b. Private nuisance is a substantial and unreasonable interference with the private use and enjoyment of another’s land; includes conduct that is unreasonable, negligent or reckless, or that results in an abnormally dangerous conditions or activities in an inappropriate place
c. Intentional Rule – an interference is intentional when the actor knows or should know that the conduct is causing a substantial and unreasonable interference; the unreasonableness of an intentional interference must be determined by a balancing of the landowners’ interests
d. Unreasonable Rule – an interference is unreasonable when the gravity of the harm outweighs the social value of the activity alleged to cause the harm; additional consideration might include malicious or indecent conduct of the actor
e. Balancing tests

2. Trespass is said to protect the interest in possession of land, while nuisance is said to protect the use and enjoyment of the land


Is the interference . . .


negligent or

abnormally dangerous or in
inappropriate place?

gravity of harm
social value

interference is malicious
or indecent

Then nuisance if . . .


Then nuisance.

dge of the dog’s propensity to commit the evil complained of is necessary to a recovery
c. He is liable if he either takes it himself where he knows that, because of its training, nature, and instinct, it will probably damage the property of others, or if with that knowledge he permits it to stray beyond his control
d. It is long since settled that equity will relieve against continuing or repeated trespasses committed in pursuance of a single plan or purpose
e. Equity will interfere where the injury is irreparable or where full and adequate relief cannot be granted at law, or where the trespass goes to the destruction of the property as it has been held and enjoyed or to prevent multiplicity of suits
f. An injunction lies to prevent threatened trespasses, though the damage be susceptible of compensation, where otherwise there is a probability of the wrong being often repeated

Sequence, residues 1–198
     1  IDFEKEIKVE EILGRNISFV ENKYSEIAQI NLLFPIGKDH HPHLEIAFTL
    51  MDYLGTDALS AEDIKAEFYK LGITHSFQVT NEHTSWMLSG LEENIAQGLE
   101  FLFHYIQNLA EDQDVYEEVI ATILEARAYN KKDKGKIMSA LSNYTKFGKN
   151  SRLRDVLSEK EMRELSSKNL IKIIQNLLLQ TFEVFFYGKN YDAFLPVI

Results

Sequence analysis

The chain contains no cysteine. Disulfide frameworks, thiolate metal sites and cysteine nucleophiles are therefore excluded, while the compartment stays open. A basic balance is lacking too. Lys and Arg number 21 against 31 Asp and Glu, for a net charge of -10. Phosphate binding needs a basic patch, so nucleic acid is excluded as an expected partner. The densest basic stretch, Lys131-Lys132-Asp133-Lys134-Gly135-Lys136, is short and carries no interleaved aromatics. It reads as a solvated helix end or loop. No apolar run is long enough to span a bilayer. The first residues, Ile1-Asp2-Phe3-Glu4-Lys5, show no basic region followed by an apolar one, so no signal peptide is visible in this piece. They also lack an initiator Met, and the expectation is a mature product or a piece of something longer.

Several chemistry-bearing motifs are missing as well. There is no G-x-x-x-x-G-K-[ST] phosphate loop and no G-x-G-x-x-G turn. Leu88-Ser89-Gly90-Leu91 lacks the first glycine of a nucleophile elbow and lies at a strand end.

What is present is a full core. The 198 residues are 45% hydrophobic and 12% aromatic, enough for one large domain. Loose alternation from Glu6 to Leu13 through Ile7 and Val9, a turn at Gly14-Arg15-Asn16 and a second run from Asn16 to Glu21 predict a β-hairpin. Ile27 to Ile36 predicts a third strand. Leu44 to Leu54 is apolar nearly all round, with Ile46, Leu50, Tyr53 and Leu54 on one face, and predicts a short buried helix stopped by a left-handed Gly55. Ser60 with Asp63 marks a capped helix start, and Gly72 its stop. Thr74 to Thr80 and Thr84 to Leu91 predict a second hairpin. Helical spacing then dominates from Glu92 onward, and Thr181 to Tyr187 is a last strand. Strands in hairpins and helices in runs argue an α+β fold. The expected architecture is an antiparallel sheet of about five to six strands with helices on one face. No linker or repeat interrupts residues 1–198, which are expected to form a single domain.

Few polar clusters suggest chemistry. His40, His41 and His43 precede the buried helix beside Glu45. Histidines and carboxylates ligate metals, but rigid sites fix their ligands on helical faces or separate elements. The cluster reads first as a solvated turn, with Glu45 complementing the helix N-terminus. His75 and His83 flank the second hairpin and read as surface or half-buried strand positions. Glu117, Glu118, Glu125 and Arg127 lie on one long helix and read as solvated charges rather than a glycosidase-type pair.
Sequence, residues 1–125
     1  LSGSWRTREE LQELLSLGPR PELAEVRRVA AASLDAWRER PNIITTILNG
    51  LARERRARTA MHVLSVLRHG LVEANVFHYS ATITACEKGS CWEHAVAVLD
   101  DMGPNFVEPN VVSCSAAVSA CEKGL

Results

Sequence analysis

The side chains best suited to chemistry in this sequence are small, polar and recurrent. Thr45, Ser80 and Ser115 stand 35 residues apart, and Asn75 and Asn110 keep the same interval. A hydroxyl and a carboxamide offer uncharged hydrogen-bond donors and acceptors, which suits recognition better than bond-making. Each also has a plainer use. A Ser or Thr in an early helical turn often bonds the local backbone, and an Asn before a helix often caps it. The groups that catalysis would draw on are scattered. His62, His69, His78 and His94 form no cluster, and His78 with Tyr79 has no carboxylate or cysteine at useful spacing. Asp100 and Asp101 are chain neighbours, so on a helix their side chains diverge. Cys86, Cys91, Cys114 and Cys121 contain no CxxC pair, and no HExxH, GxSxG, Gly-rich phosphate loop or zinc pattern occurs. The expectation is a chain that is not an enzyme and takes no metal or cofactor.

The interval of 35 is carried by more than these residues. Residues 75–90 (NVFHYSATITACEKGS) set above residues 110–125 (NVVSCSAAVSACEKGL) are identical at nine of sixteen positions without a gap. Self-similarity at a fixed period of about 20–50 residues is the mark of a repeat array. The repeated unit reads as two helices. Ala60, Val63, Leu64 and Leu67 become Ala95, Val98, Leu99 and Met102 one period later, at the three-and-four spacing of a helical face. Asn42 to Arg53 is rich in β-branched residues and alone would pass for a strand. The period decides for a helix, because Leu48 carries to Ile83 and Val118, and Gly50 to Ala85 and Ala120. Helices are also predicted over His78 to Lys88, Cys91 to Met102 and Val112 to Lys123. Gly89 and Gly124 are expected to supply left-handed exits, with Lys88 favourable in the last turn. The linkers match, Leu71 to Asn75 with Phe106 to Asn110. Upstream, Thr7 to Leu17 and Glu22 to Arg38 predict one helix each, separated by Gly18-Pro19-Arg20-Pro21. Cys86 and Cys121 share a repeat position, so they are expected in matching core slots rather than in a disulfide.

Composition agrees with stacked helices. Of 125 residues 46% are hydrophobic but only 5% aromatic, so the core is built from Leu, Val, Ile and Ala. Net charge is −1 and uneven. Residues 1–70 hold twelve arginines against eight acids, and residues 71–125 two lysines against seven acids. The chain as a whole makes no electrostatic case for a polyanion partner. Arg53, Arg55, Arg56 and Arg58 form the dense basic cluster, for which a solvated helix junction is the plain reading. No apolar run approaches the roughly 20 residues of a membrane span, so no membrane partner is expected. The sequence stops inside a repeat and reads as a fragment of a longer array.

2. He who seeks equity must do equity (clean hands) and that equity will intercede only when the remedy at law is inadequate
ii. Building Encroachments
1. Pile v. Pedrick (version 1)
a. Trespass could be remedied in one of two ways: it could be treated, with the plaintiffs’ consent, as a permanent trespass, and compensated for in damages, or the defendants could be compelled to remove the offending ends of the stones to the other side of the line
2. Pile v. Pedrick (version 2)
a. Removal of wall is to be done in reasonable time
3. Golden Press, Inc. v. Rylands
a. It has been declared that mandatory injunction for removal of encroachment can only be denied where estoppel or laches is shown; there are numerous cases where injunction has been refused in the absence of those defenses
b. Where the encroachment is deliberate and constitutes a willful and intentional taking of another’s land, equity may well require its restoration regardless of the expense of removal as compared with damage suffered therefrom; where the encroachment was in good faith, we think the court should weight the circumstances so that it shall not act oppressively
i. relative hardship may properly be considered and the court should not become a party to extortion
Where the defendant’s encroachment is unintentional and slight, plaintiff’s